Decoration suggestions submitted by Jack Albrecht:
P/O. L.A. Hannah - Victoria Cross for gallantry “in the presence of the enemy”, eye witness accounts by crew, Squadron mates and citizens of Fotherby and Little Grimsby.* Fl/Sgt. D.B. Bennett - Conspicuous Gallantry Medal for an act or acts of conspicuous gallantry during active operations against the enemy, eye witness accounts by crew, Squadron mates and citizens of Fotherby and Little Grimsby. (It should be noted that P/O. Hannah was promoted to F/O. posthumously) *- notable VC exceptions: G/C Leonard Cheshire and P/O Andrew Mynarski.
For 2nd Pilot D.R. Paige, Sgt's. R.B. Bennett and McRorie this would be an invaluable dress rehearsal for the 23rd February 1945 raid on Pforzheim, Loss # 66 - PB815. This loss was due to friendly fire, struck by incendiaries from above. The wireless operator, Fl/Sgt. J. Bettany, a member of the RAFVR, was awarded the CGM for his actions in extinguishing numerous fuselage fires. However, when a wing fire threatened an adjacent fuel tank the crew was forced to bale out. They all survived, the only injury being a sprained ankle by the navigator. There is no doubt that the spirit of P/O. Lloyd Hannah was with them as they floated to earth. For three members of this crew this adventure would make them Honorary Members of the Caterpillar Club - extremely rare for Bomber Command aircrew with most of them getting one kick at the cat to become PoWs or evaders in Occupied Europe. P/O. Paige was prudent to fly westward to reach the friendly side of the battle line. They would be soon back to Base and in their warm beds. The exception was the navigator in a hospital bed nursing a sick ankle.
75TH ANNIVERSARY COMMEMORATION, LITTLE GRIMSBY
On October 14, 2019 the citizens of Little Grimsby commemorated the 75th anniversary of the loss of 625 Squadron’s Lancaster LL956, “Q” Queenie, with the tragic deaths of F/O Lloyd Hannah RCAF, a veteran pilot and F/Sgt. Lloyd Bennett RCAF, bomb aimer on his first operational flight. This accident resulted from an engine fire beyond the abort point of the take-off run. The remainder of the crew, including Sgt. D.R. Paige RCAF on his ‘second dickie’ trip, parachuted to safety.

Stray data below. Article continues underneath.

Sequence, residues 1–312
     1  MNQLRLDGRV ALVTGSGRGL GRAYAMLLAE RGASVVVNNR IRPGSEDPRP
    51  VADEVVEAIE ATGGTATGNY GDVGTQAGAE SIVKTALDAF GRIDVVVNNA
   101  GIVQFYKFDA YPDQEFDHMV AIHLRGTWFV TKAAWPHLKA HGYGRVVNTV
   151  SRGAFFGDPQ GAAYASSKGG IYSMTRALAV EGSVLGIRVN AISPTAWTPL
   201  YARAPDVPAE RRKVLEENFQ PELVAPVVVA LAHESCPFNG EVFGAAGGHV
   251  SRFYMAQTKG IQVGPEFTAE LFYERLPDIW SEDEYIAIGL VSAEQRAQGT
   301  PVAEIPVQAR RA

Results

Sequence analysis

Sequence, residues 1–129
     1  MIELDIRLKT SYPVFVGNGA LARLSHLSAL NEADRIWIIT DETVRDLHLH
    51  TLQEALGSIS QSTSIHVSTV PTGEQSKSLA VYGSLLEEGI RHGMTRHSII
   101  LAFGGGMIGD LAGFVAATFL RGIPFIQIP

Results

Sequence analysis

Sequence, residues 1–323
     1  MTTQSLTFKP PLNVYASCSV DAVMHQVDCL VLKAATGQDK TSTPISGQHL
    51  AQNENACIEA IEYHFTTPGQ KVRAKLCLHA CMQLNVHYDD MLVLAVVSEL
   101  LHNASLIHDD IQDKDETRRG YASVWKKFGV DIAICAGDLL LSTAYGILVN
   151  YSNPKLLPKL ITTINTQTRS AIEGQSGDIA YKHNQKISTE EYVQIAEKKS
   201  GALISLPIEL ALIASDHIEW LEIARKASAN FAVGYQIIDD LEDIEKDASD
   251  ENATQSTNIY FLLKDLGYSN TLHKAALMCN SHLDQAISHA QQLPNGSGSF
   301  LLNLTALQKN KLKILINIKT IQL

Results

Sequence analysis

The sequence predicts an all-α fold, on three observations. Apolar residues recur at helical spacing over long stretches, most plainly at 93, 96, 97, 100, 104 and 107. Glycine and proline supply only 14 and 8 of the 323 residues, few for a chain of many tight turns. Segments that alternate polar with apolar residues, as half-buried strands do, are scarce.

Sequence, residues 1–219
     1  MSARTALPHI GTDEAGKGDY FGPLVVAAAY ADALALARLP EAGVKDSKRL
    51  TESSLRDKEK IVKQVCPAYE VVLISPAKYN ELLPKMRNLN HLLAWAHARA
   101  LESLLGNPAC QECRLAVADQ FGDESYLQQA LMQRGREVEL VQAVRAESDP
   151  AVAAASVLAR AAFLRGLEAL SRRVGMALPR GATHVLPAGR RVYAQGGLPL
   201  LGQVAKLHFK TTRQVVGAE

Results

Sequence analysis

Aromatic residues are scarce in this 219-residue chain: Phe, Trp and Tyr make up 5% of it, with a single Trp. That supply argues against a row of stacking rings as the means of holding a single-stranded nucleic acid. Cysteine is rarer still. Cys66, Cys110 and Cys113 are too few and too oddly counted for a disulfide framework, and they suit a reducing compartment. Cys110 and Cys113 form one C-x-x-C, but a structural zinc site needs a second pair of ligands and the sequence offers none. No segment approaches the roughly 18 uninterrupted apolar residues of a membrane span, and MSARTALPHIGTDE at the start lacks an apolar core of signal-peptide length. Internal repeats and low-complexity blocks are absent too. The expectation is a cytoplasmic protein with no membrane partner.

The ceremony was planned and organized by Barbara Chester, church warden of St. Edith’s, Little Grimsby. Sally Bishop, the daughter of eyewitness Tony Bywater, had liaised with David Langner, F/O Hannah’s nephew, for over a decade. She had mailed him memento fragments of LL956 and notified him of the pending ceremony. Her hospitality was overwhelming. Sally and her husband, Al, took Dave and a friend on a tour of the remains of RAF Kelstern and the ancient church in the village, where the airmen of 625 Squadron worshipped — topped off with dinner!
This event was attended by representatives of Little Grimsby, the Hannah family, 625 Squadron Association (Nic Lewis), RAF Association, RCAF Association, eyewitness Tony Bywater and the press, including BBC. The formal ceremony was held in St. Edith’s church and followed by a wreath and poppy ceremony at the symbolic crater site of LL956’s tragic demise.
Order of Service to mark the 75th Anniversary of the Lancaster Bomber Air Crash at Little Grimsby on 14th October 1944
Monday 14th October 2019
Message from the Churchwardens of St Edith, Little Grimsby
Welcome to the parish church of St Edith, Little Grimsby.
We welcome you to this special service as we mark the 75th anniversary of the Lancaster Bomber Air Crash with a Canadian crew in Little Grimsby on 14th October 1944.
We express our thanks to all those who have supported the planning and organisation of this service, today and especially Mr Mike Brader for providing access to the crash site and preparing the land for today's service.